As a result, the parser returns JSON structures that are guaranteed to be syntatically correct. In case of mistakes, Bison returns very useful, context specific errors, e.g. "unexpected :, expected } or , in line X, column Y".

PHASE 2: replace existing DhcpConfigParser classes with simpler replacement that does the following:

  1. must be significantly less complex than existing code
  2. does not use build/commit approach
  3. must have rollback capability (i.e. use staging config feature implemented in CfgMgr)
  4. must provide a clear list of default values
  5. must provide a clear list of inherited values

The following text explains how those goals were achieved:

PHASE 1: Syntactic bison-based parser

The code is implemented in two files: src/bin/dhcp6/dhcp6_lexer.ll, which defines regular expressions that are used on the input (be it a file, a string in memory or perhaps one day data coming from a socket, and src/bin/dhcp6/dhcp6_parser.yy, which defines the syntax (or 'grammar' in bison nomenclature). This is a structured file that is easy to read. Here are some examples of used:

// Defines global Dhcp6 object. It starts with "Dhcp6", followed by : and {, followed
// by a list of global parameters and closed with }.
dhcp6_object: DHCP6 COLON LCURLY_BRACKET global_params RCURLY_BRACKET;

// Global parameters could be one or more global parameters.
// This list is defined recursively.
global_params: global_param
| global_params COMMA global_param;

// These are the parameters that are allowed in the top-level for
// Dhcp6.
: preferred_lifetime
| valid_lifetime
| renew_timer
| rebind_timer
| subnet6_list
| interfaces_config
| lease_database
| hosts_database
| mac_sources
| relay_supplied_options
| host_reservation_identifiers
| client_classes
| option_data_list
| hooks_libraries
| expired_leases_processing
| server_id
| dhcp4o6_port

Working code that demonstrates this capability for Kea-dhcp6 is available on trac5014 branch.

PHASE 2: SimpleParser

To radically simplify the parsers, a SimpleParser class has been defined. It is intended to replace DhcpConfigParser?. An important factor here is that the existing code can be migrated one parser at a time. It has a number of characteristics:

  1. Simplicity. Each parser provides a simple interface, e.g.
    CfgOptionPtr parse(ConstElementPtr json)
    This has the major benefit of not needing any intermediate storages. The JSON structures (returned by bison parser or coming from any other source) are directly converted to the structures used by configuration manager and the DHCP code. Since there is no intermediate storage, the code becomes much simpler and {String,Int,Boolean}Storage is no longer used.
  2. The code is almost stateless. The only state kept in most cases is whether the parsing is done in v4 or v6 context. This greatly simplifies the parsers (no contexts, no child parsers list, no separate storage for uint32, strings etc. In fact, there's so little state kept, that this parser is mostly a collection of static methods.
  3. No optional parameters (all are mandatory). This simplifies the parser, but introduces a new step before parsing where we insert the default values into client configuration before parsing. This is actually a good thing, because we now have a clear picture of the default parameters as they're defined in a single place (the DhcpConfigParser had the defaults spread out in multiple files in multiple directories).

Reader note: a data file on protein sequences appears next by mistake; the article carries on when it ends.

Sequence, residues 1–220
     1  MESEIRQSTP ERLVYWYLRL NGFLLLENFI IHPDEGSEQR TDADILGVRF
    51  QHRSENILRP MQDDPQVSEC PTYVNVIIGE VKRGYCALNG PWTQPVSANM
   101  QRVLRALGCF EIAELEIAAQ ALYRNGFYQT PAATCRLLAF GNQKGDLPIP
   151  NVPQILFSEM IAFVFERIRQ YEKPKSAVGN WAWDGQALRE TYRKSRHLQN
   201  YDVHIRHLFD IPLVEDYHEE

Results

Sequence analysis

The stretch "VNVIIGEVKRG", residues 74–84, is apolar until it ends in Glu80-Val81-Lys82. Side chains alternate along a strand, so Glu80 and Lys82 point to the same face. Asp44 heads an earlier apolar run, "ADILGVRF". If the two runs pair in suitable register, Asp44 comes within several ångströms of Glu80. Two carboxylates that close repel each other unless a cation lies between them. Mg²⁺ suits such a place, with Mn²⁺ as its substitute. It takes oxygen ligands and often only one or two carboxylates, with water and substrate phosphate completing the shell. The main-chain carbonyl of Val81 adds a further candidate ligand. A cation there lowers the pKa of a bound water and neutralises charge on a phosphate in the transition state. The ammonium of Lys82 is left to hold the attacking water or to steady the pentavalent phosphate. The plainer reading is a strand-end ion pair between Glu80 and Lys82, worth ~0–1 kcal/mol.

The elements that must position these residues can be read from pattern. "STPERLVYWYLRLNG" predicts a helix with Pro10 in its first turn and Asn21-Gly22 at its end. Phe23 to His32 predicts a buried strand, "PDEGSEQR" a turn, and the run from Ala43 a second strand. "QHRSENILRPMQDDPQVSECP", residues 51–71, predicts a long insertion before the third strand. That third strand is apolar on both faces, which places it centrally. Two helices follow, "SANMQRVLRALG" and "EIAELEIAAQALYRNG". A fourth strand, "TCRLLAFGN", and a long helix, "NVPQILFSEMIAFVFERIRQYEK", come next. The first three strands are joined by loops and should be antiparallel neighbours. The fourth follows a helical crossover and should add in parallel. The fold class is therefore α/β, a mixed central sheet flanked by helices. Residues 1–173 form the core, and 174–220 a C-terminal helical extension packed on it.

4. Clearly defined default values. There is a single place where all default values are specified. This is easily readable by people who are not familiar with the code.
  5. Clearly defined inherited values. There is a single place where all the inherited values are specified. This is easily readable by people who are not familiar with the code.
  6. Control over the order in which the structures are parsed. The order of parsing is determined by the order the parsers are called. It's easy to call specific parser earlier than others.
  7. Better memory complexity. Since the parsers are almost stateless, we can reuse the same parser instance for many elements, e.g. only one parser for 1000s of host reservations. A side effect is that we don't need pointers to parsers any more. That's yet another simplification.

Here is an example of a parser that parses option definition:

/// @brief Parser for a single option definition.
/// This parser creates an instance of a single option definition.
class OptionDefParser : public SimpleParser {
    /// @brief Constructor.
    /// @param address_family Address family: @c AF_INET or AF_INET6
    OptionDefParser(const uint16_t address_family);

    /// @brief Parses an entry that describes single option definition.
    /// @param option_def a configuration entry to be parsed.
    /// @return tuple (option definition, option space) of the parsed structure
    /// @throw DhcpConfigError if parsing was unsuccessful.
    OptionDefinitionTuple parse(isc::data::ConstElementPtr option_def);

    /// @brief Address family: @c AF_INET or @c AF_INET6
    uint16_t address_family_;

Parsing the structures is easy. The SimpleParser provides several convenience methods for obtaining parameters: getInteger, getString, getBoolean. This is a slightly simplified code code that parses option defintion:

std::pair<isc::dhcp::OptionDefinitionPtr, std::string>
OptionDefParser::parse(ConstElementPtr option_def) {

    // Get mandatory parameters.
    std::string name = getString(option_def, "name");
    uint32_t code = getInteger(option_def, "code");
    std::string type = getString(option_def, "type");

    // Get optional parameters. Whoever called this parser, should have
    // called SimpleParser::setDefaults first.
    std::string space = getString(option_def, "space");
    std::string encapsulates = getString(option_def, "encapsulate");

    def.reset(new OptionDefinition(name, code, type, encapsulates));
    return make_pair(def, space);

An important point here is that the code is only slightly tweaked code that used to be in build() or commit() methods. This way we retain all the little tweaks that we accumulated over the years (like not requiring option data if the option is empty, requiring only one of option name or option code for defined options etc).